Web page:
Anna Fox Rochinski’s debut solo album Cherry is a significant departure from her work with psych-revivalists Quilt. While Quilt’s music is often centered around pillowy vocal harmonies and melodies that hint at subtle mysticism, Rochinski’s solo work is more direct and danceable. Inspired by the challenge of conceptualizing songs from the inside-out, Rochinski created Cherry by moving her process away from traditional songwriting methods and approaching composition as a deconstructive process. The result is a thrilling, exploratory debut that’s rife with rubbery bass lines, staccato guitar melodies, and trilling synths.
The material also feels more personal than Rochinski’s previous work, a theme she touched on during our conversation outside the Charles River Speedway during night two of this year’s Boston Fuzzstival.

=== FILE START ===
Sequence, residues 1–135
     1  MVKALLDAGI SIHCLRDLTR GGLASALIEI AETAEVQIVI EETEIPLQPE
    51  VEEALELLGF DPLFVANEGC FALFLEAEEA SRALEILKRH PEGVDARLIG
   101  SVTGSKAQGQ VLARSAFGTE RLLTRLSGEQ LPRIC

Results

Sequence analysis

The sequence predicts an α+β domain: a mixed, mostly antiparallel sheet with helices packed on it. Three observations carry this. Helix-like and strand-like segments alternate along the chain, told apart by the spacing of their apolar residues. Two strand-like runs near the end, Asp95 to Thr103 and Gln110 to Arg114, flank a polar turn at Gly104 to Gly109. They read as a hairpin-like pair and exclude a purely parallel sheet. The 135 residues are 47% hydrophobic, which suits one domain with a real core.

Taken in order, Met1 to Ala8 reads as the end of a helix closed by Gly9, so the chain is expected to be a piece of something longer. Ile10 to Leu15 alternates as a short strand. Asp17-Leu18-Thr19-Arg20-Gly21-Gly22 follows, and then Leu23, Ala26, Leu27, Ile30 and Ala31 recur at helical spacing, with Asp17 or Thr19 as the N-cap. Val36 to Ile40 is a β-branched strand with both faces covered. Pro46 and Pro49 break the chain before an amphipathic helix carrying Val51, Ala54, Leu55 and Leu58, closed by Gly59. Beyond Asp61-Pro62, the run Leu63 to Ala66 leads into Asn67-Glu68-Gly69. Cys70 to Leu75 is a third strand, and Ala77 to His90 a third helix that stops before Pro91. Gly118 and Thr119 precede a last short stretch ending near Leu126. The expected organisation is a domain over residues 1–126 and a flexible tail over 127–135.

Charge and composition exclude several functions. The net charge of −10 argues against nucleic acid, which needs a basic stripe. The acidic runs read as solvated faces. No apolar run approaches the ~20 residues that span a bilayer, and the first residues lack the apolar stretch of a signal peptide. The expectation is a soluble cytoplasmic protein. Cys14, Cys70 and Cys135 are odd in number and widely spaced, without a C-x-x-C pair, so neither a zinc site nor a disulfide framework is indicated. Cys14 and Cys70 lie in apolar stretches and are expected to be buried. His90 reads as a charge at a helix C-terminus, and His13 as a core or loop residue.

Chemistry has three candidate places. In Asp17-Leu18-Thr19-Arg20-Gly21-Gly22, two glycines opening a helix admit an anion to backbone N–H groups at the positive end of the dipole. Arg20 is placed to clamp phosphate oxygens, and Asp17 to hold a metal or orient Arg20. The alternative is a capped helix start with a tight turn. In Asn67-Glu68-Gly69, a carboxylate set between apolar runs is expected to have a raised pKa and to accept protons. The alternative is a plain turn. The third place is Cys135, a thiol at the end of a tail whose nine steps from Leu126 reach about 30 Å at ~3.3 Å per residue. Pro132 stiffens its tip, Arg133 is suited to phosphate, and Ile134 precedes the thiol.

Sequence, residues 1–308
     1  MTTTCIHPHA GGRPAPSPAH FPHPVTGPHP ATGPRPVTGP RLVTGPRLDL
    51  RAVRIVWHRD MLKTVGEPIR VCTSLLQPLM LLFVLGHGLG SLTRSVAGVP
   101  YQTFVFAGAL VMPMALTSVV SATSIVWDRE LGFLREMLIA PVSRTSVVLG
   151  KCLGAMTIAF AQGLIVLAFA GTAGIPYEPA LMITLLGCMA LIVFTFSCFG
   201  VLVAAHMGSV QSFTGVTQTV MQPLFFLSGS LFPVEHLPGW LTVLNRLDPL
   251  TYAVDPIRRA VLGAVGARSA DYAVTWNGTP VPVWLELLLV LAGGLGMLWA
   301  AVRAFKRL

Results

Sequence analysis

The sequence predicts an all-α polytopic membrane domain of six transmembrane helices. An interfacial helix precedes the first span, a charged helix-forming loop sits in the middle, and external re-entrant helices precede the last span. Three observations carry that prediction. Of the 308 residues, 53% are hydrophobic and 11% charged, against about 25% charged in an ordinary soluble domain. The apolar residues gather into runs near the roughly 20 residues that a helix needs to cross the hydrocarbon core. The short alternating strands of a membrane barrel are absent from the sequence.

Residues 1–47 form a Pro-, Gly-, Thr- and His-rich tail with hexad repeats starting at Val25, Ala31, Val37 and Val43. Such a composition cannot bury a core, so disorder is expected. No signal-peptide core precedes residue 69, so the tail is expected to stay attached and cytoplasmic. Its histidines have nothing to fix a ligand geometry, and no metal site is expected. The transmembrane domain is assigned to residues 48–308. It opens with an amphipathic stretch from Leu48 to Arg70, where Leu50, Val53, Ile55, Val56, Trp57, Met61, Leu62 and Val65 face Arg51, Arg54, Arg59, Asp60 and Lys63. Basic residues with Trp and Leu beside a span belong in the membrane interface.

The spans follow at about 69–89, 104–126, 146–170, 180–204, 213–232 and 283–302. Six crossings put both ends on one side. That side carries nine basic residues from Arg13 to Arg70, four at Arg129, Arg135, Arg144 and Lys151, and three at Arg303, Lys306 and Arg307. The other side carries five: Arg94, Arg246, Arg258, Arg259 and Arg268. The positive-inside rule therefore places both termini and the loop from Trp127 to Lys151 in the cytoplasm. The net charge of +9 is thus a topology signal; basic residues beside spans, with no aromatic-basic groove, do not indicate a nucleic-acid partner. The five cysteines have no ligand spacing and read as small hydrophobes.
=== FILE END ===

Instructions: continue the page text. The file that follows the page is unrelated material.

Eric Marshall (EM): I want to talk about your most recent solo album, Cherry. Maybe you can tell me a little about the impetus behind making the album, some of your artistic goals in making it, or some of the creative impulses you were following.
Anna Fox Rochinski (AFR): I actually had a bunch of songs that I was writing and kind of shelved because the material wasn’t challenging to me. It wasn’t exciting for me. So I kind of put all those songs away and I slowly but surely began to work out a sound that just felt exciting and fun and new and authentic. Songs that I knew I really wanted to be playing night after night that made me feel really good.
The impetus was just natural. All the songs were written over the course of maybe a year, a year and a half. I went through a breakup and moved to a new city, being single. Meeting new people, going through that experience, it was like a cyclical narrative that I was going through, and I just wanted to make a fun, weird pop record.